Between a Rock and a Hard Place: The Failure of the Attraction Effect Among Unattractive Alternatives

Posted: 7 Dec 2012 Last revised: 19 Jun 2013

See all articles by Steve Hoeffler

Steve Hoeffler

Vanderbilt University - Marketing

Date Written: 2012

Abstract

Many important decisions that consumers face involve choosing between options that are unattractive or undesirable - the proverbial "lesser of two evils." Consumers, who face budget or geographical constraints, for example, end up with mostly undesirable consideration sets; yet a choice is necessary. We examine the role of option set desirability in the context of the well established attraction effect. In five studies, we show that the attraction effect occurs in desirable domains but is eliminated when all the options are undesirable (Experiments 1-4). We further find that this asymmetric effect is consistent with a shift in decision makers' processing styles. Decision makers show more vigilant processing when making choices among undesirable (vs. desirable) domains (Experiments 3A and 3B), which results in an attenuated attraction effect (Experiment 4). Our results indicate that the attraction effect might not be as robust as generally thought and establishes (un)desirability as an important boundary condition.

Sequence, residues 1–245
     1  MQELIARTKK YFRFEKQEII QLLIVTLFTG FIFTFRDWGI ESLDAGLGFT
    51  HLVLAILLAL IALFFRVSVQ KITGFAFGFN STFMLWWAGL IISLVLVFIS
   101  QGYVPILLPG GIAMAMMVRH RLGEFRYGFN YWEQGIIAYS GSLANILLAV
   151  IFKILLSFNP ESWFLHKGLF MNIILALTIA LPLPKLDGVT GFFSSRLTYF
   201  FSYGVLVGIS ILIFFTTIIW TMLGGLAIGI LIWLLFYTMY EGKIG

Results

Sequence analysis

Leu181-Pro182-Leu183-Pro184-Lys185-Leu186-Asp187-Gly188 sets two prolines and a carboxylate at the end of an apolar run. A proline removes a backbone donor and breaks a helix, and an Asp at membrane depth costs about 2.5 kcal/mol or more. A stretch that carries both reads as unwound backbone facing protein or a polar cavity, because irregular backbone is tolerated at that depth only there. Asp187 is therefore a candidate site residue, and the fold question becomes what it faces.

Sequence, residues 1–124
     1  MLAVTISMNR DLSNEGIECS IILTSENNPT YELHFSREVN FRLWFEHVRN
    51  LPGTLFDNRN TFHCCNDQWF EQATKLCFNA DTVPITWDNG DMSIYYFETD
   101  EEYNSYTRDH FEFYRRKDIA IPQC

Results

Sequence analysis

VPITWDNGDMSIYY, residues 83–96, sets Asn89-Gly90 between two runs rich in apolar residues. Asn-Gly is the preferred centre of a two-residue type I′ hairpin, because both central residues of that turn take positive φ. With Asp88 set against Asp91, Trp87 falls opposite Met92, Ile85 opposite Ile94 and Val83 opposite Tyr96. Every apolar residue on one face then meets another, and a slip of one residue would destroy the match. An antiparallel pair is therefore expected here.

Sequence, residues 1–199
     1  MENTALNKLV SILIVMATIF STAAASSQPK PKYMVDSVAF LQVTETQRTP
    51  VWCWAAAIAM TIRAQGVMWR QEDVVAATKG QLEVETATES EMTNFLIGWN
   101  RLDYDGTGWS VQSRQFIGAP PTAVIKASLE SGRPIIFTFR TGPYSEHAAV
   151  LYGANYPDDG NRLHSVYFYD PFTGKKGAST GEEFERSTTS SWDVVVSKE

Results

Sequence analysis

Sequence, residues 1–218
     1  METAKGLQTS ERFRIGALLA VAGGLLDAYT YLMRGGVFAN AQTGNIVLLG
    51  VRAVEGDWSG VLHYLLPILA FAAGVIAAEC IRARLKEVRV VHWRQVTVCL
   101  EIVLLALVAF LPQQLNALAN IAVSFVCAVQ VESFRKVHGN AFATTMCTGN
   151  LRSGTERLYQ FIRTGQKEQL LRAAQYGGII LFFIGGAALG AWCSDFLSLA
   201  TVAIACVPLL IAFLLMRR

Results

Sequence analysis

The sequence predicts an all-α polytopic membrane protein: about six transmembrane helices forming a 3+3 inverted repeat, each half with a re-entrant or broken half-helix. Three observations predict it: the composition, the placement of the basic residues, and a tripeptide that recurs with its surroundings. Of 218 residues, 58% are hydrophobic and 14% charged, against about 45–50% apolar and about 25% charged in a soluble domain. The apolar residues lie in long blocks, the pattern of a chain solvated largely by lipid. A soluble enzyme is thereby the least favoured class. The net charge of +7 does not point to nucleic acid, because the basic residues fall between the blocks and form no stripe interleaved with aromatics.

Suggested Citation

Hoeffler, Steve, Between a Rock and a Hard Place: The Failure of the Attraction Effect Among Unattractive Alternatives (2012). Vanderbilt Owen Graduate School of Management Research Paper No. 2185439. Available at SSRN: https://ssrn.com/abstract=2185439

Steve Hoeffler (Contact Author)

Vanderbilt University - Marketing ( email )

Nashville, TN 37203
United States

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